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Improving access to healthcare

In 2021, the U.S. ranked Number 22 in countries with the best public healthcare systems, falling seven spots from 2020. The advent of COVID-19 has shined a spotlight on the increasing importance of telehealth and remote patient monitoring, but the U.S. faces some big challenges.

One major problem is the difficulty for Americans to access healthcare. There are several reasons for this:

  1. An accelerating healthcare provider shortage - A AAMC study projects a shortfall of up to 139,000 physicians by 2033.
  2. Overworked and burnt out clinicians - As demand surpasses supply, healthcare professionals are already struggling to handle patient care, even without the added stresses of COVID-19. As cited in an Amwell blog post, in a 2020 Medscape national survey of over 15,000 clinicians, 42% responded that they experienced burnout.
  3. Higher barriers for minorities and vulnerable populations to access healthcare providers - Studies show that minorities receive substantially less treatment for mental health conditions than their white counterparts, even though they are at just as much risk. One of the reasons cited by minorities for not getting mental health care is the difficulty accessing it. In fact, an African or Hispanic person, with less education, and a lower family income, is more likely to be one of the nearly 120 million Americans who live in designated Health Care Provider Shortage Areas, or HPSAs.

Mental health support in primary care

Even prior to the pandemic, the majority of primary care visits concerned mental health. According to The APA, up to 70% of primary care visits are driven by patients’ mental health issues, such as depression, anxiety, and stress. This means efforts to improve access to mental health support will likely improve overall access to healthcare.

Using technology to improve access to healthcare

Technology has provided solutions for us in almost every area of life, including access to healthcare. Telehealth and remote patient monitoring are excellent ways technology has been used to increase access to healthcare. They help health providers maintain continuity of care and give access to isolated patients with unaddressed needs. These tools saw a giant leap in usage during the pandemic, and will likely continue.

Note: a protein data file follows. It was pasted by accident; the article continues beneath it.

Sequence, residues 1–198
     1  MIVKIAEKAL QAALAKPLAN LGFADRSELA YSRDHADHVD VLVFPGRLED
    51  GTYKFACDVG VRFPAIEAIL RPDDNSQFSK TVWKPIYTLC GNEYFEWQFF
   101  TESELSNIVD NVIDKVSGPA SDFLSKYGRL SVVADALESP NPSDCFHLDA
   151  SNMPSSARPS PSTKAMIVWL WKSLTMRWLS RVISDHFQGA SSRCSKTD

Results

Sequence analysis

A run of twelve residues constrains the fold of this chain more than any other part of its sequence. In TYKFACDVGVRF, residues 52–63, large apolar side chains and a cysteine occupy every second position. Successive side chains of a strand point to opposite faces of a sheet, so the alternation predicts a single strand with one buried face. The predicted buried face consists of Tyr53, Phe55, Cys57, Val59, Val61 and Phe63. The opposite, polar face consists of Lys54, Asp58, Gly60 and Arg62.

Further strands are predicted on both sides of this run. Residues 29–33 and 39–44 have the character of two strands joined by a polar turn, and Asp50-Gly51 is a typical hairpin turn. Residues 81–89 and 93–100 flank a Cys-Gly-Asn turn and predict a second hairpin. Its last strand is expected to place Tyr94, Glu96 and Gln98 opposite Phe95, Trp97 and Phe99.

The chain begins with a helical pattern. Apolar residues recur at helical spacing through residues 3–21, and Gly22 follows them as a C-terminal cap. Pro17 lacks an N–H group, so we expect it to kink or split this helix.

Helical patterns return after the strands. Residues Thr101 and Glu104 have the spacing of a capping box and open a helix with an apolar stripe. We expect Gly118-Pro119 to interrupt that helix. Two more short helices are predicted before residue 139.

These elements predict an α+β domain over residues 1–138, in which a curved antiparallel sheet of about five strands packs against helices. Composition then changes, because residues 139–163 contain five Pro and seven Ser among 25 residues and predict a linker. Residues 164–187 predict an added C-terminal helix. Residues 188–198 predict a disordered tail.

Here are some additional ways technology can be used to increase access to healthcare and mental health support:

Save providers time, to increase access

One way technology can help is to offer self-guided solutions for patients. For example, evidence-based online Cognitive Behavior Therapy (CBT) programs have proven just as effective as in-person therapy. When providers save time in dealing with patient challenges, this frees them up to see more patients, thus increasing overall access to healthcare.

Health systems can use technology to give its therapists and physicians the ability to refer patients to online CBT, through its electronic health records system. SilverCloud® by Amwell® customer partner, Kaiser Permanente, has implemented this solution successfully.

Boost the mental health of providers

The shortage of clinicians and the increased demand for health services has led to a large number of cases of overwork and burnout. In fact, the healthcare profession has higher rates of anxiety, depression, and stress among employees than in many other industries. Providing mental health support for providers is not only the right thing to do, but can also help them be more productive. This, in turn, will help alleviate some of the provider shortage gap issues.

One example of a health system end-user that helped its providers is SilverCloud customer partner, St. Luke’s University Health Network (SLUHN), a nonprofit health system with more than 16,000 employees at 12 hospitals and more than 300 outpatient locations. After identifying a need to expand mental health services to its employees, it researched options, and decided on an online CBT program. SLUHN implemented SilverCloud’s online digital mental health program, with goals in four areas: participation, clinical effectiveness, cost avoidance, and participant satisfaction rates. It achieved positive results in every area.

Increase healthcare access for minorities, and everyone

Online digital mental health programs are accessible to anyone, anywhere, at any time. This eliminates the difficulties of minorities obtaining access to healthcare in provider shortage areas. The best part? People want online mental health support. In fact, in a recent SilverCloud survey, 78% of respondents wanted mental health services and support they could access online.

Moving forward

SilverCloud is committed to improving access to healthcare.
Learn more about how our programs do that, in our Health Systems solutions page.